It goes without saying there’s also an excellent female cast gracing your television screen tonight. Do I have to? Oh, alright, I’ll say it: We have Elizabeth Kaiser as young Alice Johnson, and Rosemary Bennett is played by Stephanie Mihm, the director’s ‘special friend’ – they met on the casting couch, and Stephanie liked it so much she decided to stay. Needless to say, her only credits are in other Christopher Mihm movies. But the winner tonight with a total of twenty-one references on the Internet Movie Data Base is Shannon McDonough who reprises her role as Julie-Anne Saint-Marie Jackson from It Came From Another World! Some of her non-Christopher Mihm appearances include Problem-Solving The Republic (2012), Chalkboard (2011), Potpourri (2011), In Harm’s Way (2011), Thieves Like Us (2009), and Unholy Reunion (2009).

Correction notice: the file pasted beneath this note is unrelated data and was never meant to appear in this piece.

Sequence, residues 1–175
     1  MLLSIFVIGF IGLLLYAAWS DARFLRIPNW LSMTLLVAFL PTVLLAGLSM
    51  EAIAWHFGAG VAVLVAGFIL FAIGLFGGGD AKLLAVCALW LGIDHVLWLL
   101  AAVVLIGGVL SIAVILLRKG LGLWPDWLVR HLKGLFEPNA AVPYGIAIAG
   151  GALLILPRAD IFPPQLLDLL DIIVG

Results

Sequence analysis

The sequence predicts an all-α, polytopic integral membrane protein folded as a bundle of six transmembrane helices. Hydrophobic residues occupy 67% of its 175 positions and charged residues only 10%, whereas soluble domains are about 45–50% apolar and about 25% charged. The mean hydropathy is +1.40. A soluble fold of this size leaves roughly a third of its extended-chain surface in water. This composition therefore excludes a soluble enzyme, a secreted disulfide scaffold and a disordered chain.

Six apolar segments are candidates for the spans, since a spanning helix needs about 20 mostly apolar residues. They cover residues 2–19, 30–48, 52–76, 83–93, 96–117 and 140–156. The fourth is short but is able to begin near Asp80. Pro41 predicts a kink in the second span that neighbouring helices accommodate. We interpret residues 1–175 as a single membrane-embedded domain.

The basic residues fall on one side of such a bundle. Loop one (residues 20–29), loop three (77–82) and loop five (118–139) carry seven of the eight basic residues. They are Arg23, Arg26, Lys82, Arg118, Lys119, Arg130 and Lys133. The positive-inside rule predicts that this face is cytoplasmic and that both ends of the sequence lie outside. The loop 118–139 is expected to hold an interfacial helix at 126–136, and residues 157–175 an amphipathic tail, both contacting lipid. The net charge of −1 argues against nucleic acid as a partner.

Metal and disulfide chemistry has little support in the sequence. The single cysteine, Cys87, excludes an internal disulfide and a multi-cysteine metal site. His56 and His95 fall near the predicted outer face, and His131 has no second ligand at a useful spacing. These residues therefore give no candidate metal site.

Chalk one up for the human race as they wipe-out another entire species. Surely there are other rare animals more deserving of such a fate – like the panda, for instance, which can’t even have sex without the aid of several Chinese zookeepers. When a species’ sole responsibility is to ‘get jiggy with it’ and couldn’t be bothered, I lose sympathy. Biologists are considering cloning them but, when you’ve got a room full of Mad Scientists copying an animal that was too stupid to exist in the first place, it isn’t going to be long before they start making new improved pandas with four arms and laser vision in high-visibility colours – and aren’t mystified by their own genitals. But enough of bears and their genitals – that’s an entirely different website. It’s time now for me to get off my soap-box and jump into my car, but not before inviting you to join me again next week for another suck on a celluloid saveloy battered to within an inch of its life, for…Horror News! Toodles!